Packing and unpacking numbers

A project log for PEAC Pisano with End-Around Carry algorithm

Add X to Y and Y to X, says the song. And carry on.

Yann Guidon / YGDESYann Guidon / YGDES 12/03/2021 at 17:380 Comments

The log 88. Back to the jobs considered the need and means to compress the scanning logs because the files could exceed 50B for w32. I looked at the idea of a base94 encoding but...

I think I have found a better method, packing two decimal digits in a single byte, as a pair of BCD digits. This is better than base94 because the latter would still use one full byte for each separator (space, carriage return etc.).

The resulting byte stream will still have some potential for compression, with bzip2 for example. The delicate part is how to map the extra codes but ASCII made it rather easy.

$ cat 1234
1.2,3 4
$ ./p4ck 1234 > 1234.p4k
$ od -An -v -w1 -t x1 1234.p4k 
$ ./kc4p 1234.p4k 
1.2,3 4

It seems to work. Mapping is managed with minimal effort, as noted in the source file:

  A simple filter that packs 2 decimal digits into one byte,
   by truncating the MSB.

   * LF=0x0A is directly mapped, equivalent to "*", ":", "J", "Z"...
   * CR=0x0D is directly mapped, equivalent to "]", "-", "=", "M"...
   * Space is 0x20 and collides with "0", remapped to ";"
   * '.' is mapped to '>'
   * ',' is mapped to '<'

  The last char maybe be mapped to 15/0xF/ShiftIn
    if the input stream's size is odd. The decoder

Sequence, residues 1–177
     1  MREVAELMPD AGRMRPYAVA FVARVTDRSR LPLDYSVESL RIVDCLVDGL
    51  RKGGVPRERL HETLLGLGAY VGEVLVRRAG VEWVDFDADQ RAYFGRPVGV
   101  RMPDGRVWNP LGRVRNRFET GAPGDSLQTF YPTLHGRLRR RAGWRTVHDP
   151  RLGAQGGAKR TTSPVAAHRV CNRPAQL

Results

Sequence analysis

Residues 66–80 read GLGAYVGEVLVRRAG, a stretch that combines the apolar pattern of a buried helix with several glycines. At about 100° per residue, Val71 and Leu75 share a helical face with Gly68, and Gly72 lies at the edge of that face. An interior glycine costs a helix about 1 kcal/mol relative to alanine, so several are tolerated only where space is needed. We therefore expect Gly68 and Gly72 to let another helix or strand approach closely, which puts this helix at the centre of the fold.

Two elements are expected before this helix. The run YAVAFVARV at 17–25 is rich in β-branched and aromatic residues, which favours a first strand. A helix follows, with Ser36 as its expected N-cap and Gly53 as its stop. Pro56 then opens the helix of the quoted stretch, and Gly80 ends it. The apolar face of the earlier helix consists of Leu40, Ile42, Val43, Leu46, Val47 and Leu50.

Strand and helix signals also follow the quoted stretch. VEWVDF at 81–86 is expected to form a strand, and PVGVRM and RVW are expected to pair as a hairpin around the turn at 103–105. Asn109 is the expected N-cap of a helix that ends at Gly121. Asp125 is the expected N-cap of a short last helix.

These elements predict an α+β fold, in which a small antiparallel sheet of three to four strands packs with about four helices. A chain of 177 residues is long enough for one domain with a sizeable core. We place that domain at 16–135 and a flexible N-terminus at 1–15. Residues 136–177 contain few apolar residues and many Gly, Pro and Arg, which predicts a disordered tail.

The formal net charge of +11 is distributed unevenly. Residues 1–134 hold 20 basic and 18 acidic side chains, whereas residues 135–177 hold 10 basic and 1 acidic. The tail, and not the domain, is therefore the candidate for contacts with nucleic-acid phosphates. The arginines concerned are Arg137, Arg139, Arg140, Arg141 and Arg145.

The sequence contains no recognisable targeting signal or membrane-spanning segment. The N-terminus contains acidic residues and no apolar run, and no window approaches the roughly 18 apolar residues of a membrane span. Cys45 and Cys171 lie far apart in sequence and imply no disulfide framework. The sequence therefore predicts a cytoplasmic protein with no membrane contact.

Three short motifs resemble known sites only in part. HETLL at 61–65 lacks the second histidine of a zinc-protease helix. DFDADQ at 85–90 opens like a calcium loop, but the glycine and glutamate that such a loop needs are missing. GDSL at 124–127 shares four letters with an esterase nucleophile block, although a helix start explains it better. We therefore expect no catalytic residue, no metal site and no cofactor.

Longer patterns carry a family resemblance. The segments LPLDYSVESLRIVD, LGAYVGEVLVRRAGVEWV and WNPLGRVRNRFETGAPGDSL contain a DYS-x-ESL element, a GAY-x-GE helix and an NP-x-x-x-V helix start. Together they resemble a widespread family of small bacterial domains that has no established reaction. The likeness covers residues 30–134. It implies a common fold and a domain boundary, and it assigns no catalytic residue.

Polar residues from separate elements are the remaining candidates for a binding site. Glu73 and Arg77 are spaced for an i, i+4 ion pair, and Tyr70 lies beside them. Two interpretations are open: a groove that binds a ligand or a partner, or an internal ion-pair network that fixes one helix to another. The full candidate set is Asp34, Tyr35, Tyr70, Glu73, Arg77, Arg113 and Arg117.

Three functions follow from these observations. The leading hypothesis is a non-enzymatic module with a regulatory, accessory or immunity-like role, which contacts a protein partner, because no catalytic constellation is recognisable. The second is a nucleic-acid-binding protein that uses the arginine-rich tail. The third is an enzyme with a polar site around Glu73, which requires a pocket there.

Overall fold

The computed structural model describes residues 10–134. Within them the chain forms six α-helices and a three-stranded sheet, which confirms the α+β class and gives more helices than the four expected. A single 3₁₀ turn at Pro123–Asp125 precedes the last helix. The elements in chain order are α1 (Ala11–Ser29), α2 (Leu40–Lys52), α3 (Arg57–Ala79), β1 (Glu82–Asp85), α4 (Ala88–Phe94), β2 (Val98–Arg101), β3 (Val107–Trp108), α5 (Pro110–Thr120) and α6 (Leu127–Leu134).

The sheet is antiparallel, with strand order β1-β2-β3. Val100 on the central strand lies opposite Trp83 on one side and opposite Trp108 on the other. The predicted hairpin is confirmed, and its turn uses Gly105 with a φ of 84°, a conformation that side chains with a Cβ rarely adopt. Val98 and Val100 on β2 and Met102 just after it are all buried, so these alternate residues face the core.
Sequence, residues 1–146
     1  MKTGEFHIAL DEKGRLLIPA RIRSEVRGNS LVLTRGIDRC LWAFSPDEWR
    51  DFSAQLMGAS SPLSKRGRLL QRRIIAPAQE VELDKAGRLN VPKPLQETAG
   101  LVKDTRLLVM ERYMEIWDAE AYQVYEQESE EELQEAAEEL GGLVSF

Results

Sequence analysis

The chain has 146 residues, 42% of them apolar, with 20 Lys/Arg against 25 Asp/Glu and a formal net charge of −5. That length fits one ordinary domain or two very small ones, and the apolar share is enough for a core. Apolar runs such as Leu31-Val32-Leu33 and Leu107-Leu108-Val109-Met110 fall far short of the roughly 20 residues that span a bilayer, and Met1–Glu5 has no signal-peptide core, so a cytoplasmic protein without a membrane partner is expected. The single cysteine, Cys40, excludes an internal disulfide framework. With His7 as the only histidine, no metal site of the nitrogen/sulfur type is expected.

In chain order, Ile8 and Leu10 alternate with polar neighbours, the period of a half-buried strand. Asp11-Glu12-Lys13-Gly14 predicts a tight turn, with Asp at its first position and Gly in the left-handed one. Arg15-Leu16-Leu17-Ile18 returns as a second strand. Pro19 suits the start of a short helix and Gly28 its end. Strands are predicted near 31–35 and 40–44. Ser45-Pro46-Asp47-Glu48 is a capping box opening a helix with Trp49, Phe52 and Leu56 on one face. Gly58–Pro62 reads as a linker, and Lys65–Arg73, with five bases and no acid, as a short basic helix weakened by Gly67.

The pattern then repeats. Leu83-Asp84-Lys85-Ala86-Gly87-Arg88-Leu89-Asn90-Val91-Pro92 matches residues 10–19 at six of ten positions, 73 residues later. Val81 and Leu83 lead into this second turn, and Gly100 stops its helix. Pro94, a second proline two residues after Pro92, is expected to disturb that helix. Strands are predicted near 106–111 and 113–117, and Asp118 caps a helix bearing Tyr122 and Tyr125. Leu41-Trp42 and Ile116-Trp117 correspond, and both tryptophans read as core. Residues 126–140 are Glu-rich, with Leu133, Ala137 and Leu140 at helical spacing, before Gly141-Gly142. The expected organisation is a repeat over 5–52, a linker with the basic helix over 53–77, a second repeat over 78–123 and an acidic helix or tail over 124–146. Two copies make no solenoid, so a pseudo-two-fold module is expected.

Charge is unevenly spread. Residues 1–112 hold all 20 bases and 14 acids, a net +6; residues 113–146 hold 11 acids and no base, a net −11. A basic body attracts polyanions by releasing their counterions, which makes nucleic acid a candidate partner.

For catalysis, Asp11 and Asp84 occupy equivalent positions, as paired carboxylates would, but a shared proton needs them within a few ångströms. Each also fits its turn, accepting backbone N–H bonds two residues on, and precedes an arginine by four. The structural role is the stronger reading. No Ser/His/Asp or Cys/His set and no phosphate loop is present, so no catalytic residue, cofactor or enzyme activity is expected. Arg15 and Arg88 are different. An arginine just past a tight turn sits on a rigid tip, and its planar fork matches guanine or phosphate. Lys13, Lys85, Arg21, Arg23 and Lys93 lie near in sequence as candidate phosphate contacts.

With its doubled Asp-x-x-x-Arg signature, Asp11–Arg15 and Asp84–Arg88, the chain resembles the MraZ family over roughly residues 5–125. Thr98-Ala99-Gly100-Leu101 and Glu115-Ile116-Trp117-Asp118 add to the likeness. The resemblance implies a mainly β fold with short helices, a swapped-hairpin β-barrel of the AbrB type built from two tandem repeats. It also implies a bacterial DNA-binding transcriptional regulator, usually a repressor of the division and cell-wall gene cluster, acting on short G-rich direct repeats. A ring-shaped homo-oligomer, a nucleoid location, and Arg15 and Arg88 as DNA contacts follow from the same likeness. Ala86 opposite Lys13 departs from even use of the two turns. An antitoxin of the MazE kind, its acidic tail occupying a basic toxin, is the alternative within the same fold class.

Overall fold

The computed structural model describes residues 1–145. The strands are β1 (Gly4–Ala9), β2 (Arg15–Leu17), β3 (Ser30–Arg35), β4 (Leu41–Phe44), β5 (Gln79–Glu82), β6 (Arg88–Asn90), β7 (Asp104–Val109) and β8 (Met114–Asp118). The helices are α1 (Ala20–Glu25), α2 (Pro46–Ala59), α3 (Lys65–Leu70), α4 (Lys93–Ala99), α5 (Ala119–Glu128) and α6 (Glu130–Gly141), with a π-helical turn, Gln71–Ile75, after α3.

will output a single '?' in this case.

You can find the source code in p4ck.c and kc4p.c. If you need a different mapping, edit the source code or use tr.



I had to test and it's quite convincing. I generated a log using w16, that looks like:

25537 27445
60251 8174
52725 16132
56907 1430
16989 55241
45423 47572
48670 58543
8348 15748
18630 18818
14930 9559
5439 8871
34938 2839
20149 58986

Then applied p4ck, which directly cut the size in half. Then I compressed them with gzip and bzip2:

$ l w16.log*
758979  3 déc.  23:41 w16.log
316391  3 déc.  23:41 w16.log.bz2
365463  3 déc.  23:41 w16.log.gz
379490  3 déc.  23:42 w16.log.p4k
312992  3 déc.  23:42 w16.log.p4k.bz2
334504  3 déc.  23:42 w16.log.p4k.gz

The size difference between w16.log.p4k.bz2 and w16.log.bz2 is marginal (about 1%) so bzip2 gets very close to the entropy right from the beginning. gzip works but remains farther from the entropy, since it gets boosted by p4ck.

The size difference between w16.log.p4k.bz2 and w16.log.pak is less insignificant but still small (17%). bzip2 spends a lot of efforts to remove 1/6th of the extra entropy, when simply repacking the digits immediately brings us near the entropy.

Conclusion: p4ck is a practical, efficient and lightweight method/filter to compress the arc logs for archival. For transmission of huge archives, where every gigabyte counts, the files could be packed further by tar/bzip2.